Georgia House Passes Medical Malpractice Reform

The Georgia House passed a $350,000 limit on pain and suffering awards in medical malpractice suits, a cap that Georgia physicians say is fair considering Georgia is named a crisis state for malpractice liability.

Dr. Mel Hartsfield says, "It's an issue of access to health care. The escalating premiums affect our ability to recruit physicians to be available to care for patients, particularly in emergency departments."

Danny Hayes says, "I think what we have here is a lot of hype."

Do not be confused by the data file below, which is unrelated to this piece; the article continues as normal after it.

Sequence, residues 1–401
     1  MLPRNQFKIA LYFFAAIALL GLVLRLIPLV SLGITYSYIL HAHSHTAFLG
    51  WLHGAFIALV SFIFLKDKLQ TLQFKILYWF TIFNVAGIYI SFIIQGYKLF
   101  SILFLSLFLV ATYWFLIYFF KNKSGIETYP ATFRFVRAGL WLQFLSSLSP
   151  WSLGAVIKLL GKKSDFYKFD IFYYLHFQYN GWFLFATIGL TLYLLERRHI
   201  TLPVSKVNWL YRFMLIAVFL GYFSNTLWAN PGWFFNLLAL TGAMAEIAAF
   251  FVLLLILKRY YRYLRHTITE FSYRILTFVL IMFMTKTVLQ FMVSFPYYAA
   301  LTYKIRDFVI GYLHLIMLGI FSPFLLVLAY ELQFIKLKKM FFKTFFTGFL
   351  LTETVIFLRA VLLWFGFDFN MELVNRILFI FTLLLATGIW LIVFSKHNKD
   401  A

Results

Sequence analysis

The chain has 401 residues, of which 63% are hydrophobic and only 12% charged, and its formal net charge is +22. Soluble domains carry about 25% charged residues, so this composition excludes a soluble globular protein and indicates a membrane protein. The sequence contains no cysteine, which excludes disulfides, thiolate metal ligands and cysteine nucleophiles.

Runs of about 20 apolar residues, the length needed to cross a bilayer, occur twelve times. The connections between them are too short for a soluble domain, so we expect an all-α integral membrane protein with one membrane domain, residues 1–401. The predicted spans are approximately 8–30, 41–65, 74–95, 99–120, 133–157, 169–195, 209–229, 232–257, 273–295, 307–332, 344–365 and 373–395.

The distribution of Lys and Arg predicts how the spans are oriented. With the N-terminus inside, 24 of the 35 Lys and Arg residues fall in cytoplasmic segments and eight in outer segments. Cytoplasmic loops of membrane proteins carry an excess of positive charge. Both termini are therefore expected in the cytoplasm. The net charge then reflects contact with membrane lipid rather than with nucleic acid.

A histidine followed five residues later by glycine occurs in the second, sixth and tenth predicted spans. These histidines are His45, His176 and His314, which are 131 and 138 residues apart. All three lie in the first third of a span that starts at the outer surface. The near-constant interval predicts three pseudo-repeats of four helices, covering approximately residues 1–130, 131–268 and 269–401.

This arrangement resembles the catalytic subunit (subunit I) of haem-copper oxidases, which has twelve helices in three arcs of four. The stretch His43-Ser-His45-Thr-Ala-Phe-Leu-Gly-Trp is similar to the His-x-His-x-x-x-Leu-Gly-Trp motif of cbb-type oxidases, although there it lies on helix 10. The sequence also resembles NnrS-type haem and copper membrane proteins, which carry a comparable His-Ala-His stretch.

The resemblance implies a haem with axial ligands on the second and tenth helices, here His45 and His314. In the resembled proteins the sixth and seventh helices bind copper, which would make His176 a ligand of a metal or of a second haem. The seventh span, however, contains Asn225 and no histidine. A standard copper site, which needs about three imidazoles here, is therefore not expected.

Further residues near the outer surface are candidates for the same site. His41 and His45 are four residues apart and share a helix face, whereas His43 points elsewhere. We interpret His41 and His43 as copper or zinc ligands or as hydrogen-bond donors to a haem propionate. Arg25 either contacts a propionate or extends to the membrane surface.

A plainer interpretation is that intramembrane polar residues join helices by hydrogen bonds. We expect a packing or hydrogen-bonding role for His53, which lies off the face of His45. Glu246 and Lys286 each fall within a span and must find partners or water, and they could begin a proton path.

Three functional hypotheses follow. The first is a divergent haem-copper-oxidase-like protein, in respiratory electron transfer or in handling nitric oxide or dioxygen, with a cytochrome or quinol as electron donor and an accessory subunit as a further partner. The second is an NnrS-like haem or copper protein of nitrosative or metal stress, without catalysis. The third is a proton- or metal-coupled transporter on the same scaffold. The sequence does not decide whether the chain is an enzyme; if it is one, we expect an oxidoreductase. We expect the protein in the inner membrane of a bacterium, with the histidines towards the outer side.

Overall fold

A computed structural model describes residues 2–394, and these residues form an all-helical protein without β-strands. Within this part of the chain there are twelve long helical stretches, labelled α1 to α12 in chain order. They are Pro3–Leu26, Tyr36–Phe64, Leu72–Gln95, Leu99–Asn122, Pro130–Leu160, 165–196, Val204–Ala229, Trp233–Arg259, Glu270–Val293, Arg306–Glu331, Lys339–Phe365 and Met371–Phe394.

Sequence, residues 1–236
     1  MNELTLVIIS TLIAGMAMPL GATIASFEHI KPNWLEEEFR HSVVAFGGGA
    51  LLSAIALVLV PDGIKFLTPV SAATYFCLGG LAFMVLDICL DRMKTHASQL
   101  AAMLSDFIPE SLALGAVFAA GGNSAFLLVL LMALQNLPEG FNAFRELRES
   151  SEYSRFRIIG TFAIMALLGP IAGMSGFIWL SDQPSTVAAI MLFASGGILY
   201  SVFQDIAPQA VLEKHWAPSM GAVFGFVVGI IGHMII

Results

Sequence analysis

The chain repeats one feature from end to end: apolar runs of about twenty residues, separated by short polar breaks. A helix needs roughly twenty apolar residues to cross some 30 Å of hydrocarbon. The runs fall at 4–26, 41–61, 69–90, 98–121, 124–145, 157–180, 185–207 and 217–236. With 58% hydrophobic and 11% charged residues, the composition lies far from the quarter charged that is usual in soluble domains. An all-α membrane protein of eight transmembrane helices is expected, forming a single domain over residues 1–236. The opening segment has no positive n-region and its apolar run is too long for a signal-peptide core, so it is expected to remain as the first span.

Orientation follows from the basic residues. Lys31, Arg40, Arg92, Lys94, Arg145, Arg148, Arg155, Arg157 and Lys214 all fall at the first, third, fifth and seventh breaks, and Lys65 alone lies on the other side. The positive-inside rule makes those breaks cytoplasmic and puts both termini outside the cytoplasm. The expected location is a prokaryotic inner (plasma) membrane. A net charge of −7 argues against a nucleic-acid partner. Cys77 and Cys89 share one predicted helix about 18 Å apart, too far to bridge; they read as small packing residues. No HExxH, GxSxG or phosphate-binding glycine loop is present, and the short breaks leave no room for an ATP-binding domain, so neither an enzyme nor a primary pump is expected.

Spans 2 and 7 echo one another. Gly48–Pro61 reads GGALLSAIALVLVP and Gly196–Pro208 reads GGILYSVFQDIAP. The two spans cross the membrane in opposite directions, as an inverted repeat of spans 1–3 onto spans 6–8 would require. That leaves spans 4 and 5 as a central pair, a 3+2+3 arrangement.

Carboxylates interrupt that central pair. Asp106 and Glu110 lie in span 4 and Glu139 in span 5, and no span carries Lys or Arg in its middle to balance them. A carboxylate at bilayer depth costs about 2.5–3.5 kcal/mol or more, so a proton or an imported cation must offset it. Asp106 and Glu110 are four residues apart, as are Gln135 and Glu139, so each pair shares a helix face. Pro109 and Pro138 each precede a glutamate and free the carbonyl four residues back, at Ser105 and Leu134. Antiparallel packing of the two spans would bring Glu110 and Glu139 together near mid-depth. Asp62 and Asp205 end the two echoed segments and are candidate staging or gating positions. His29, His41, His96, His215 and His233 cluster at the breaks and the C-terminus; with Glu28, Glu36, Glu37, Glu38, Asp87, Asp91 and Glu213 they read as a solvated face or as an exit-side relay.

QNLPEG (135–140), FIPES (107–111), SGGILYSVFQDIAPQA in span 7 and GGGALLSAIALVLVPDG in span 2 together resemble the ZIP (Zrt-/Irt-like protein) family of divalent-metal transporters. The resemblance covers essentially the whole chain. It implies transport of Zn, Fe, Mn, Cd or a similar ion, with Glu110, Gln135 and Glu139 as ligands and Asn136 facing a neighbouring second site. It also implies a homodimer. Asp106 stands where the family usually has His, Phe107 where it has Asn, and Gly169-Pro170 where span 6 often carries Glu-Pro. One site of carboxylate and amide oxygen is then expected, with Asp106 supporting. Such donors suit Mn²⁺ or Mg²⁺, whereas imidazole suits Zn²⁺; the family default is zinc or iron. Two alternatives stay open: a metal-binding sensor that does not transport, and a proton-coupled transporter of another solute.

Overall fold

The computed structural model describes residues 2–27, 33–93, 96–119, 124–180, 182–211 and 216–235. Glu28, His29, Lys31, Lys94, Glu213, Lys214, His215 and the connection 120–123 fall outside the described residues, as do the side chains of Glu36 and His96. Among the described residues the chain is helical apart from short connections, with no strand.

Personal injury lawyer Danny Hayes doesn't buy into the notion that malpractice suits will drive out physicians. He says placing caps on awards generalizes people who have been injured and it interferes with the judicial process.

"I think it's basically telling the people that you as jurors can't make a good decision, so were going to make it for you," he says.

Mel says, "The system is broke. If we don't receive protection, then patients will face problems receiving care."

One thing's for sure: medical malpractice reform is a hot topic in Georgia and lawmakers are addressing it. Monday, the bill will go before the Senate for another debate, and only time will tell the bill's fate.